Icepak managing director Wayne Grattan thinks firefighter Derek Lovell’s widow Milli should receive more in compensation than the $60,000 awarded by the court last week.
Grattan told the NZ Herald he had shed many tears for Lovell, killed in the April 2008 blast at Icepak’s Tamahere site, and admitted his widow had not been properly compensated.
Icepak managing director Wayne Grattan has indicated that Milli Lovell – the widow of firefighter Derek Lovell – may yet receive more money.
In his first interview, Grattan apologised for the sequence of events and his company’s actions, which led to the death of Lovell and injuries to seven other firefighters at Tamahere in April last year.
It was revealed that highly explosive propane gas had been used as a refrigerant at the coolstore – unbeknown to the firefighters who turned up to what they thought was a routine fire.
In the Hamilton District Court this week, Judge Robert Spear ordered Icepak pay $95,000 to the victims of the fatal fire and fined the company $37,200. Grattan was fined $30,000.
Mobile Refrigeration Specialists was fined $56,200 and ordered to pay $175,000 to the victims.
They had all previously pleaded guilty to a charge, or charges, of breaching health and safety employment regulations.
The judge said the defendants were “good, sound people” who had made clear mistakes with tragic consequences. The hydrocarbon-based system installed at the site was a “novel venture” which did not meet required standards.
Grattan told the Herald on Sunday that the $60,000 compensation for Milli Lovell was not a lot.
“Token is not the right word, but it’s recognition of the loss rather than full recompense. Is it appropriate? Probably not. Will it change in the future? I hope it will.”
He said the company would sit down in January to discuss further support. It was waiting to clear the trial and any appeals, as well as various other issues. “When that’s out of the way, we do have some options.”
Grattan said he had not spoken to Milli directly, thinking it was inappropriate while a trial was under way. “I want to apologise to her … I certainly feel sorry for her.”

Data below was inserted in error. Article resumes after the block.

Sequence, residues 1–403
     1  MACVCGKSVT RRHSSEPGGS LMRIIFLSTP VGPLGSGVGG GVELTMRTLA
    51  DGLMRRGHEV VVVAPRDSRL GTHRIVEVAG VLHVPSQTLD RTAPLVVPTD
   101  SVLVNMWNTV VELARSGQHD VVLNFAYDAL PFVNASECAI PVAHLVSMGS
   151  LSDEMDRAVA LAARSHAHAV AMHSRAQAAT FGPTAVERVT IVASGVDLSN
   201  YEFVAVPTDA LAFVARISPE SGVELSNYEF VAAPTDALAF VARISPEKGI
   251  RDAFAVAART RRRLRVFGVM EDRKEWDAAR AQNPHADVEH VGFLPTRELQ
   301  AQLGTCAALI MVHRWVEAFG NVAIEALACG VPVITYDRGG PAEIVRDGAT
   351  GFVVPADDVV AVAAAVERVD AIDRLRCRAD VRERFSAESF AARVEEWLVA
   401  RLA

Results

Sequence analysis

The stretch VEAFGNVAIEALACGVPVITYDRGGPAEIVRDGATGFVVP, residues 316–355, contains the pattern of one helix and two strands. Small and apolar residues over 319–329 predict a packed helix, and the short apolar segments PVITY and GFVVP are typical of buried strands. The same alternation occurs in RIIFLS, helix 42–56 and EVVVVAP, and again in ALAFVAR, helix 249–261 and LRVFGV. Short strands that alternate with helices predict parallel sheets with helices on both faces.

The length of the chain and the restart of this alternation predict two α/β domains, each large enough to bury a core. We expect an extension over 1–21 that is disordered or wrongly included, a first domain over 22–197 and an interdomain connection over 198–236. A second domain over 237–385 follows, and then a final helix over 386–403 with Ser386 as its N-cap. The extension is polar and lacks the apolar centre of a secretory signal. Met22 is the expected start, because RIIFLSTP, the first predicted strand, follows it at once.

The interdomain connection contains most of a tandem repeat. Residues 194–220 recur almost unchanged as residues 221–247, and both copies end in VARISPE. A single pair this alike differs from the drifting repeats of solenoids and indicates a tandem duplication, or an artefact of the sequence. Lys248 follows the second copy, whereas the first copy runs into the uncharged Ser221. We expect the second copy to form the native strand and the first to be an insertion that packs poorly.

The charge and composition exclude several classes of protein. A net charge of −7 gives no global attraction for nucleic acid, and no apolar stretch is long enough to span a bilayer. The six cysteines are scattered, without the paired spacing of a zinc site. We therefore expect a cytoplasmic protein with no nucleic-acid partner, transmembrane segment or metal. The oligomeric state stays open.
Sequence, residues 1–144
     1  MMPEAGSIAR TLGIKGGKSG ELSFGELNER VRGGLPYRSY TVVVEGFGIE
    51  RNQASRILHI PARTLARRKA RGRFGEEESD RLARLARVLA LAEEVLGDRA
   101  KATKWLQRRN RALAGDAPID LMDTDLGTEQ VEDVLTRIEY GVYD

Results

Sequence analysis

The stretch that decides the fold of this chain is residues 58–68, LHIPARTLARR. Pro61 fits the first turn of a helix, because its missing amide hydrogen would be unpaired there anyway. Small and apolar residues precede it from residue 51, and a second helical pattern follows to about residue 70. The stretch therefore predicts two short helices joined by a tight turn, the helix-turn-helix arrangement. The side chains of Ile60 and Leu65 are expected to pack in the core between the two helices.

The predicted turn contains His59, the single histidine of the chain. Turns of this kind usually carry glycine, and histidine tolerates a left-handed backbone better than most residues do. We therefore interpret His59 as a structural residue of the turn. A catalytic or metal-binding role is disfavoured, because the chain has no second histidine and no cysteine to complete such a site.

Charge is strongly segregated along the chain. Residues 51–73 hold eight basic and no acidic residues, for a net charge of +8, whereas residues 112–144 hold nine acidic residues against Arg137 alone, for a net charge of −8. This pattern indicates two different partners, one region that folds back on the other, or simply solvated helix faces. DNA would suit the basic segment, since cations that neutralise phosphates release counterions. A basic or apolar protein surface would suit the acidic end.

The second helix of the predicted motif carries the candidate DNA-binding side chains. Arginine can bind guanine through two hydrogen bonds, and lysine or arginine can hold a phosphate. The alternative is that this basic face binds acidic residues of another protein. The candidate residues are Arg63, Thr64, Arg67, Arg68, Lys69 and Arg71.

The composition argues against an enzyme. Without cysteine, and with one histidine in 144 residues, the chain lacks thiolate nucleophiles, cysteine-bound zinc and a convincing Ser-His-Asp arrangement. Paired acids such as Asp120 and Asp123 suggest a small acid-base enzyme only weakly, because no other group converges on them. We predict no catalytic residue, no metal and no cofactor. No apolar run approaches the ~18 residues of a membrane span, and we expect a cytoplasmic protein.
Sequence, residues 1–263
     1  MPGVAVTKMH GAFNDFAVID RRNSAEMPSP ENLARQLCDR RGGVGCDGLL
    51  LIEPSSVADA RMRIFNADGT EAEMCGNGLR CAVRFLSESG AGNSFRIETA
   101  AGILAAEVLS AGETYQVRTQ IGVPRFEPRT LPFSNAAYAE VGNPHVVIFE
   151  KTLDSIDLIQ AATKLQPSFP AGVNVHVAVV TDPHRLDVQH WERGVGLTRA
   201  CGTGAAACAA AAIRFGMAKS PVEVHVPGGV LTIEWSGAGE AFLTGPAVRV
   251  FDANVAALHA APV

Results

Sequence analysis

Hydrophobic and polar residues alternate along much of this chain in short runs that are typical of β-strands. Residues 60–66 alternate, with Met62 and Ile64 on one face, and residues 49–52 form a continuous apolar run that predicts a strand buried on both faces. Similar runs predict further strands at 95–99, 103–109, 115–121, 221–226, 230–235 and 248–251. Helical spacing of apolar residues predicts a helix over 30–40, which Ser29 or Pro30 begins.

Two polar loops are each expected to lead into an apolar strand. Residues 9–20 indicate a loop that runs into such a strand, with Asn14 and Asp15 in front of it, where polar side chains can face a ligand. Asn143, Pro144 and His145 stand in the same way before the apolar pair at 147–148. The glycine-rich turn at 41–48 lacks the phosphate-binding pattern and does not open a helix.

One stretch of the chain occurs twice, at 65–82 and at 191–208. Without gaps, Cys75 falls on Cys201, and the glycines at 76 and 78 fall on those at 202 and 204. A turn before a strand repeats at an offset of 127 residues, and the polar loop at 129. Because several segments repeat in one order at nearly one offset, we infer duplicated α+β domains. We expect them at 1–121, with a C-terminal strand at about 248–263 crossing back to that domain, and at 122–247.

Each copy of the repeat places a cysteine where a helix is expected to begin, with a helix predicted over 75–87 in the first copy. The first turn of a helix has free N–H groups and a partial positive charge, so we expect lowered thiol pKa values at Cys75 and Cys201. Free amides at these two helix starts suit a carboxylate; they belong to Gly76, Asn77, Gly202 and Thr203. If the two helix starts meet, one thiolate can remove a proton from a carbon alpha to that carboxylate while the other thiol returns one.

He said the death and injuries had played on his conscience. “There have been many tears shed, believe me.”
Grattan indicated the company was facing another battle – with its insurers, who have not yet accepted their claim. It had cost the company more than $500,000 to clean and clear the site. Icepak was now insolvent.
Although Fire Service bosses have been conciliatory about the judicial outcome, some of the injured firefighters said Grattan’s court apology was unconvincing. They accused Icepak of hiding behind a corporate veil, claiming it could offer no more money for reparation.
“What we did not know was that the highly flammable gas propane had been introduced to this site in massive quantities,” said firefighter Dennis Wells in a statement.
“Icepak had not advised the Fire Service of this, nor in all of their failings did Icepak put any measures in place to advise visitors to the site that flammable gas was present.
“As a consequence, we walked into a building that was a ticking time bomb. When the negligently placed exposed electrical circuit sparked and ignited the gas, our lives and those of our families changed forever.”
Grattan said he could understand why firefighters remained unhappy and traumatised. “No one sets out to run a business for people to be killed or injured on your site.
“It [the court apology] certainly was heartfelt and sincere from myself, the staff and the rest of the people involved in the company. We are very cut up about it, and have been since the fire.”
He disagreed that the company had focused too much on saving money. “We had safety systems installed and we thought they were efficient. It was never about the money … we weren’t reckless, we hadn’t cut corners. However, that’s not to say things can’t be done differently or improved.”
Grattan conceded the company could have informed the Fire Service of the presence of propane on the day of the fire.
Grattan said the company thought safety checks had been done when the new refrigerant was introduced in 2002.
He said if he were to change anything, it would have been to erect warning signs. “If there were warning signs on site, this probably would not have happened.”